UCL News


Arctic dips as global waters rise

15 June 2006

Arctic sea level has been falling by a little over 2mm a year - a movement that sets the region against the global trend of rising waters.

A Dutch-UK team made the discovery after analysing radar altimetry data gathered by Europe's ERS-2 satellite. …

Next year has been designated International Polar Year, and major oceanographic expeditions are planned to take research vessels into the northern region to sample its icy waters.

"This may provide clues as to what is causing the changes we're seeing," explained co-researcher Dr Seymour Laxon [UCL Earth Sciences]. "I think it's a true statement to say the Arctic Ocean is the least well understood body of water out there."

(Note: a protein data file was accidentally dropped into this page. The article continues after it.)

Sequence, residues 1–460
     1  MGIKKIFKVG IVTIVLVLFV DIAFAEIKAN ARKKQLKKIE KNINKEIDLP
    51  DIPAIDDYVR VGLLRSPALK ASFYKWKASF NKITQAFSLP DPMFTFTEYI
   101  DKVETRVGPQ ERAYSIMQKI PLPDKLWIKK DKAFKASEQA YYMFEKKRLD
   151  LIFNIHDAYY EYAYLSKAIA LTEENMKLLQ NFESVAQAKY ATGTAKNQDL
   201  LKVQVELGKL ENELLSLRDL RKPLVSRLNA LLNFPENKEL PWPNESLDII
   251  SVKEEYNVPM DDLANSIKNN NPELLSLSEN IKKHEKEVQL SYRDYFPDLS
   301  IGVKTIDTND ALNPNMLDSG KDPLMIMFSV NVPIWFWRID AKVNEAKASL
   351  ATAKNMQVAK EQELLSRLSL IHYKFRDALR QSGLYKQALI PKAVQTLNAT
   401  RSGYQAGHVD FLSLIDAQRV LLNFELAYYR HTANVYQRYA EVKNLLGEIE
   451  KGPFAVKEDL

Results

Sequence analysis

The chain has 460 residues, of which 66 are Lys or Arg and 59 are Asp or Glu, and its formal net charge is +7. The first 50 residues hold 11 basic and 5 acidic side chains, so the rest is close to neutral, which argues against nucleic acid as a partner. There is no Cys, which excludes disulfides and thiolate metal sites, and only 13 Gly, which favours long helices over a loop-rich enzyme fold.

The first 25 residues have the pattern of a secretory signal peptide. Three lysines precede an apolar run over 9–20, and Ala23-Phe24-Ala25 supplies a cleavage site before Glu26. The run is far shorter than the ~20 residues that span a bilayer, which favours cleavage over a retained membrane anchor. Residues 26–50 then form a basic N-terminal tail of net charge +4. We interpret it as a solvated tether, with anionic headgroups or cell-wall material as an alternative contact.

The recent trend could be linked to changes in the temperature and salinity (saltiness) of Arctic waters. This would have to be investigated, he said. …

Dr Laxon said getting a clearer understanding of Arctic Ocean behaviour was important to the topical issue of ice melt in the region. Recent years have seen a dramatic pull-back in the extent of summer ice and the models do not fully account for the changes that are being observed.

"One thing that is known very poorly is the amount of heat that comes from the ocean into the ice. It could be an important factor in the retreat of ice," the UCL scientist said. …

Jonathan Amos, BBC News